2017 Jeep Wrangler Unlimited Sahara Review By Larry Nutson
20 Years Ago: 1997 Jeep Wrangler Sahara 4x4 Review and Specs
2017 Jeep Wrangler Unlimited Sahara ReviewBy Larry Nutson
Senior Editor and Bureau Chief
The Auto Channel
Seven decades later and the iconic Jeep Wrangler just keeps on going on.
Each year Jeep makes a few tweaks and upgrades to the product program. For 2017, Jeep Wrangler and Wrangler Unlimited models receive new LED headlights and fog lamps. They’re optional on Sport and Sport S and standard on Sahara and Rubicon models.
A Cold Weather Group is available on Sport S and Rubicon models and includes 17-inch BF Goodrich KO2 tires, engine block heater, all-weather slush mats, Power Convenience Group, heated seats, and remote start
Courtesy of Jeep, I drove a media-loan 2017 Wrangler Unlimited Sahara model around the streets of Chicago. Admittedly, there was no off-road opportunity and, with the mild winter, not even a big snow bank to climb over.
Calling it like it is, I don’t love the Jeep for around town or even highway driving. Now if I lived in the mountains or the desert it would be different story.
The Wrangler is bouncy, noisy, not the easiest to get in and out of and doesn’t have very good fuel consumption. But, take off the doors, which are removable, open up the top, buckle up and go climb some sand dunes or mountain rock trails and you will have a blast. This is where the Jeep Wrangler excels.
I’ve driven the Wrangler on off-road trails, over obstacles and across streams at two events hosted by the by the Midwest Automotive Media Association (MAMA) of which I am a member. The Wrangler can do it all.
I also drove the Wrangler at the Fiat Chrysler Automobile (FCA) Chelsea, Michigan proving ground. FCA has a diverse off-road trail that includes a stream to drive through, a stair-step incline to climb up and back down, various undulating hills that causes one wheel to ride high off the ground, as well as a log-road and more.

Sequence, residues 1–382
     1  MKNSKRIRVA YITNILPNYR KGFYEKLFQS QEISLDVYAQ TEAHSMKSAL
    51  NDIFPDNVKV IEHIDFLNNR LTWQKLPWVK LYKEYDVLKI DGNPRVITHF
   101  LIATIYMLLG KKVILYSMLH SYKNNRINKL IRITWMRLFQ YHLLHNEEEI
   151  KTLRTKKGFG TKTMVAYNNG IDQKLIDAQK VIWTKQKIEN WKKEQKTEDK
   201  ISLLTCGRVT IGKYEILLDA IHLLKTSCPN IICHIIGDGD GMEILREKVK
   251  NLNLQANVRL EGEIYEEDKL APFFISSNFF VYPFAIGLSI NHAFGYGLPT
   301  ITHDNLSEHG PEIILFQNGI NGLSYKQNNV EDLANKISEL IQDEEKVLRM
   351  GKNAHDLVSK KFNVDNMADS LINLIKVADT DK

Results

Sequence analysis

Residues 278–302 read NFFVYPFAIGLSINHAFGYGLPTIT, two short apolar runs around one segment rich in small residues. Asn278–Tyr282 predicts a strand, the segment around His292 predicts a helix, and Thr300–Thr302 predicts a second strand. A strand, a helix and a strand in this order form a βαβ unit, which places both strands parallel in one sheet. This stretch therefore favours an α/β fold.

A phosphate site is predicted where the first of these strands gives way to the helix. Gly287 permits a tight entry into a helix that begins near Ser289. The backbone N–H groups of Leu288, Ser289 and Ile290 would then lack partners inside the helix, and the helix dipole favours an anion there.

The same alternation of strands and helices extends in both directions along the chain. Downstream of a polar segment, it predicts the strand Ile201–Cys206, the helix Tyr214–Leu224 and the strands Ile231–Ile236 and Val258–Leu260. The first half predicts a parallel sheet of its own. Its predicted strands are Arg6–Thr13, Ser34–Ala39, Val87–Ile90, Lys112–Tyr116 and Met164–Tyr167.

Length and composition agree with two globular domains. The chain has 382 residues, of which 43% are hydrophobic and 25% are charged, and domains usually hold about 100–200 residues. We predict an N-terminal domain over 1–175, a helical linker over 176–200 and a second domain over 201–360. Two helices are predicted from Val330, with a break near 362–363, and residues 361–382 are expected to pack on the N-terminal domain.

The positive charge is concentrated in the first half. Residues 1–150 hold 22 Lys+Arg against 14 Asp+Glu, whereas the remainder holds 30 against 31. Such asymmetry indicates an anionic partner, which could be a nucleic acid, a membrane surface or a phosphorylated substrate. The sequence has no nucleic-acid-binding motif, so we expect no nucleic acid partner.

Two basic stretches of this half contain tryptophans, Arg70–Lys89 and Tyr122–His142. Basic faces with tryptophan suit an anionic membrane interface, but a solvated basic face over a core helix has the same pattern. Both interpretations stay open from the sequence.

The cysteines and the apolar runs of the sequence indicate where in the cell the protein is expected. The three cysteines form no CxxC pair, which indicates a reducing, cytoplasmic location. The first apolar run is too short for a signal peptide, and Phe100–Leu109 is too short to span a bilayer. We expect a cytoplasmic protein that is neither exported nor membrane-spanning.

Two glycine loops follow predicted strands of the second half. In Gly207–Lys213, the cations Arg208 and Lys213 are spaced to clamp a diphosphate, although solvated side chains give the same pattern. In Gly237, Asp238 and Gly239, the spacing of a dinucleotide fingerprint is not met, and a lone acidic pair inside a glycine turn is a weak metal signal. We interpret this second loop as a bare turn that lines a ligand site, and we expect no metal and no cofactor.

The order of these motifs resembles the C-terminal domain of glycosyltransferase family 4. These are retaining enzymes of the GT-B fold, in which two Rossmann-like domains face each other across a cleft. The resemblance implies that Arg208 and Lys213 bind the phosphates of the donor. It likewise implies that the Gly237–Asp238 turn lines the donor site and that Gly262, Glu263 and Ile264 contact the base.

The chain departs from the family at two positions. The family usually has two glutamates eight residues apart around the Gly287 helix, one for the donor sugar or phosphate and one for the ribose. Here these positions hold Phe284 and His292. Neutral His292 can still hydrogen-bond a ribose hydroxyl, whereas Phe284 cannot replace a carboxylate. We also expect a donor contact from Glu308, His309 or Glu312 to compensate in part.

The Wrangler easily handles all of these and is ready for more. Its best-in-class approach angle of 42.2 degrees, breakover angle of 25.8 degrees and departure angle of 32.3 degrees all help to make it happen.
It’s fair to say that if this is your “cup-of-tea” than go for it. Certainly the challenge of these trails makes for a good days adventure. And by the way, in a big Midwestern blizzard or in case you need to climb over a curb to get around an obstacle, the Jeeps creds will help here.
The 2017 Jeep Wrangler is powered by a 3.6-L V6 rated at 285 HP. A six-speed manual transmission with hill start assist is standard. A five-speed automatic with hill start assist and also hill descent control is optional. Four-wheel drive is standard and includes high-range and low-range gears.
Wrangler is available with 3.21, 3.73 or 4.10 axle ratios depending on model. Also, Wrangler offers towing capability up to 3,500 pounds. The Sport and Sahara models include a Dana 30 front axle and Dana 44 rear axle.
EPA test-cycle fuel economy ratings are 18 mpg combined, with 16 city mpg and 20 highway mpg for the automatic. The manual transmission model is rated one mpg better on the highway.
There’s not a lot of new-tech on the Wrangler. Yes it has ABS and Stability Control and can connect your iPhone via Bluetooth or tune you into satellite radio. However, there are no driver-assistance safety features such as forward collision warning and adaptive cruise control offered.
2017 2-door Wrangler prices start at $23,995 and go up to $39,145. The 4-door Wrangler Unlimited is priced ranging form $27,895 to $42,945.
If you are into old-school retro, well, the 2017 Wrangler looks quite a bit like the original 1941 version with its classic round headlights and seven-slot grille. Happy trails!
On a final note, FCA has plans to grow the models range within Jeep. There’s new Jeep Pickup that will be coming along in the not too distant future which will certainly increase the brands popularity.
© 2017 Larry Nutson, the Chicago Car Guy
The Most In-Depth Independent Jeep Vehicle Consumer Research - Anywhere!